I’ve been a fan of Buffy for a long time, but there was one thing I always wondered about. Namely, why would a vampire ever bother going to Sunnydale, knowing the Slayer lived there and was likely to dust the vamp as soon as he or she arrived in town? One would think a vamp could live a longer, more peaceful life simply by avoiding the Slayer’s stomping grounds, right?
After the first chapter of Jocelynn Drake’s Nightwalker, I think I get it. 600-year-old vampire Mira squares off against seasoned vampire hunter Danaus in a scene that just crackles with adrenaline. Danaus is a danger to Mira, but he’s also an equal to spar with, and the chase is exhilarating. Drake hooked me here and never let me go.
Before too long, Mira and Danaus find themselves making an uneasy truce in order to battle an enemy who threatens them both: the naturi, who have the distinction of being among the scariest iterations of the fae I’ve ever seen in urban fantasy. Mira has history with the naturi. Five hundred years ago, she was rescued from torture at their hands on a bloody night she doesn’t remember very well. Her quest to stop the naturi’s new plot will force her to revisit this trauma and to question everything she thought she knew about vampire politics and whom to trust.
Drake strikes the perfect balance between action and characterization. The globe-trotting, swashbuckling plot never lets up for a minute, yet there’s plenty of character development and interaction as well. We care about the characters, so the combat is never mindless hack-and-slash. The pace is relentless, so the story never slips into brooding inertia.
Mira is a delight. If you’re worried that a 600-year-old protagonist might be too powerful, don’t be. She’s actually more realistic than some urban fantasy heroines who are impossibly perfect despite, theoretically, being ordinary human women in their twenties. Mira makes mistakes, gets her butt kicked a couple of times, and isn’t good at everything. She mentions early in the book that she doesn’t know her way around guns. She gets a few lessons later on, so she’s no longer completely inept with firearms, but she doesn’t become Instant Annie Oakley, Just Add Blood. Mira is just powerful enough to win some of her battles, and just vulnerable enough to lose some, and that’s the way it should be.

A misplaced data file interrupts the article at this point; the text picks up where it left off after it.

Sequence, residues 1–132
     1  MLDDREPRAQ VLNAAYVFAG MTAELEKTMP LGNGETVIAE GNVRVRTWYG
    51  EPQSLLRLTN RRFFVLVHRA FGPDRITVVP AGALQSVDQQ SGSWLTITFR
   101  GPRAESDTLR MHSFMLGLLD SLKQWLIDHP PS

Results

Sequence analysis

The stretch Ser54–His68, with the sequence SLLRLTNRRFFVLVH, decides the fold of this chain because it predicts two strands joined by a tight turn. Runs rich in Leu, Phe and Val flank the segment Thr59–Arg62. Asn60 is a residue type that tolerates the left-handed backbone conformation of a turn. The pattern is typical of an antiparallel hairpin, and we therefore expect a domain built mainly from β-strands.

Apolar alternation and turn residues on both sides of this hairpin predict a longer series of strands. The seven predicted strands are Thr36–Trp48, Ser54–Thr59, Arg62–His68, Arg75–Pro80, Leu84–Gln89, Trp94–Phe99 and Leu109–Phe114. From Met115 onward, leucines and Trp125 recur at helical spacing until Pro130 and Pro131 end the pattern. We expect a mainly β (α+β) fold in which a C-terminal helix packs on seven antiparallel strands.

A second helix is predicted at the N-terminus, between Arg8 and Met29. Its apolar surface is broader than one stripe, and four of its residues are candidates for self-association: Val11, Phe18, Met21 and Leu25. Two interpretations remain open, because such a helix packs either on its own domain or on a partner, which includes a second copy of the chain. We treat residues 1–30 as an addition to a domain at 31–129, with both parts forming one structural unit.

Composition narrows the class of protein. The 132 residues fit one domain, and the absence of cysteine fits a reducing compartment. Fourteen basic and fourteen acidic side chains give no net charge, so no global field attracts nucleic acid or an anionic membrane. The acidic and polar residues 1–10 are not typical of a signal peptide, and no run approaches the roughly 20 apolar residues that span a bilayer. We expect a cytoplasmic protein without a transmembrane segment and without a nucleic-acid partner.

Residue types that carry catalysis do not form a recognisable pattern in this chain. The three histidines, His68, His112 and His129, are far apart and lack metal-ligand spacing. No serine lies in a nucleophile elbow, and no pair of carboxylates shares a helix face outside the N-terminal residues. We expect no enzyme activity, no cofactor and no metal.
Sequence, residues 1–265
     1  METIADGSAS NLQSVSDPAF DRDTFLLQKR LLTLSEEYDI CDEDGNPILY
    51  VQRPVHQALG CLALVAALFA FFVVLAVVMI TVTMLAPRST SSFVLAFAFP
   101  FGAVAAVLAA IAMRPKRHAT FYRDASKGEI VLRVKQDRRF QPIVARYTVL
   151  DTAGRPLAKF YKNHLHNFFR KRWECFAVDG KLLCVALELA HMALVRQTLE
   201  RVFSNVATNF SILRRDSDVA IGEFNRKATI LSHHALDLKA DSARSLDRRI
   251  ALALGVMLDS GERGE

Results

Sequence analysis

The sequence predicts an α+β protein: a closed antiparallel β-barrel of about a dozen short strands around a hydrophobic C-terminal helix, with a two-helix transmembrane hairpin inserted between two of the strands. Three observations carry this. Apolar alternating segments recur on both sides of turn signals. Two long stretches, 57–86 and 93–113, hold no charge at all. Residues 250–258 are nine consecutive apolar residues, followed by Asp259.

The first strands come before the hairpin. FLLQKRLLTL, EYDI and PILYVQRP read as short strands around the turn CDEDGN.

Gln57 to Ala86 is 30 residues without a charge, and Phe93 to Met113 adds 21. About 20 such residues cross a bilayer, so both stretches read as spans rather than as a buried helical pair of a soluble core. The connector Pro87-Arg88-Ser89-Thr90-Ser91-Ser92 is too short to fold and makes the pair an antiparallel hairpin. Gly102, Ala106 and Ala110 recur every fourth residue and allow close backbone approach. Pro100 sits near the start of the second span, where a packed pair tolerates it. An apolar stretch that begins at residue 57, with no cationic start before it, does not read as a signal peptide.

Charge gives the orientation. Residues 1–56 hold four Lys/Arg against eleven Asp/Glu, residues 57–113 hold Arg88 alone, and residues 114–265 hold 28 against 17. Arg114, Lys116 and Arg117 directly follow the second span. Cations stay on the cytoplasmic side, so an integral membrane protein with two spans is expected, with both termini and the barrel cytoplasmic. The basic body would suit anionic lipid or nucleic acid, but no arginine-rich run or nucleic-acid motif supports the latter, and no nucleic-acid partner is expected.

And as for the relationship between Mira and Danaus — let’s just say they burn up the pages without even doing anything.
Also fun were the little nods to some of the older, better Anne Rice novels. See if you can spot the characters who are (almost certainly) tributes to Lestat and Louis!
I was frustrated with the ending of Nightwalker, but it’s the kind of frustration that gives me something to root for in the next book, Dayhunter. Go get ’em, Mira.
Dark Days — (2008-2012) Publisher: For centuries Mira has been a nightwalker — an unstoppable enforcer for a mysterious organization that manipulates earth-shaking events from the darkest shadows. But elemental mastery over fire sets her apart from others of her night-prowling breed… and may be all that prevents her doom. The foe she now faces is human: the vampire hunter called Danaus, who has already destroyed so many undead. For Mira, the time has come to hunt… or be hunted.